What a shrewd manipulator Klavan is. The author of True Crime
and Don't Say a Word
again pushes our buttons with unerring finesse. In San Francisco, there's a detective agency, Weiss Investigations, run by Scott Weiss, an ex-cop whose "deep, baggy, sympathetic eyes" have seen it all. When Weiss finds out that Bernie Hirschorn, co-owner of an aviation company several miles north, is up to his propellers in skullduggery, he dispatches one of his operatives, Jim Bishop, to find out what's up. (In one of Klavan's acerbic, cut-to-the-chase observations, Hirschorn is introduced as a VBM—Very Bad Man—with "lots of money, drug connections. A lot of dead bodies on his way to the top.") Adding to the highly charged scenario, Bishop gets involved in a steamy affair with the wife of Hirschorn's chief pilot, another rogue in a lengthy cast of villains that would do Raymond Chandler proud. Meanwhile, back at the agency, Weiss continues to nurse a crush on a mysterious beauty named Julie Angel—or is she really Julie Wyant, and did she take a header off the Bay Bridge, as rumor has it? And just who is the nefarious Shadowman (who "was real whether he was real or not"), and will he find Julie before Weiss can? Klavan's riveting blend of mystery, wiseass attitude and old-fashioned moralizing makes for a wild ride. (Nov.)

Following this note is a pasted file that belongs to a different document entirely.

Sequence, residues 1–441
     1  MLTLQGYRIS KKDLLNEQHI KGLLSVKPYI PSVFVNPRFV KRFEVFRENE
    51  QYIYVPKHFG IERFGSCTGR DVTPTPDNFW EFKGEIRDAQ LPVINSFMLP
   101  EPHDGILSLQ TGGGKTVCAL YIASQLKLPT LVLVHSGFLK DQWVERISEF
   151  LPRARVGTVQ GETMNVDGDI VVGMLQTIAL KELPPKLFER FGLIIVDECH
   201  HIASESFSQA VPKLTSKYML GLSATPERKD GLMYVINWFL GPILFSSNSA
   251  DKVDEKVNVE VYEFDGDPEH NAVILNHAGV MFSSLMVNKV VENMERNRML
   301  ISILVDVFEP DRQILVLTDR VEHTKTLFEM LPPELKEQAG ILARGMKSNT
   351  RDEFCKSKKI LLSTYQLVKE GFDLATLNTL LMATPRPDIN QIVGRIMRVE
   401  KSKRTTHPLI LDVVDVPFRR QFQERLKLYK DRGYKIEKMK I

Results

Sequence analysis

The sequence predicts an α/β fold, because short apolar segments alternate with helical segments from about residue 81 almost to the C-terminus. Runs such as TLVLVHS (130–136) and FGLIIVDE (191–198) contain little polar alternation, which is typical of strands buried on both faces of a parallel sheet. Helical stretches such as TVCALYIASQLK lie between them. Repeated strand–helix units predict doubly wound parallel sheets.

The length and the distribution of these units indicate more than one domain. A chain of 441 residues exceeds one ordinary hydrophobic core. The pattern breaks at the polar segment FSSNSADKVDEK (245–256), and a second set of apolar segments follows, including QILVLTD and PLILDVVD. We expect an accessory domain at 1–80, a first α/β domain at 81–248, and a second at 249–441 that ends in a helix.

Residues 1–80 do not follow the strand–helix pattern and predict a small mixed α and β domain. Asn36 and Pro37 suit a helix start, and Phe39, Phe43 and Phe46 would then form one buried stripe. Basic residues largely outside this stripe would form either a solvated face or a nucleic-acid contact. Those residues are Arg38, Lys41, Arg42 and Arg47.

This novel from two-time Edgar winner Klavan marks the launch of a series starring Weiss and Bishop. Klavan's visibility is on the rise, especially since the 2001 movie version of his
Don't Say a Word, which starred Michael Douglas, racked up strong numbers at the box office and on DVD rental lists, so expect added interest.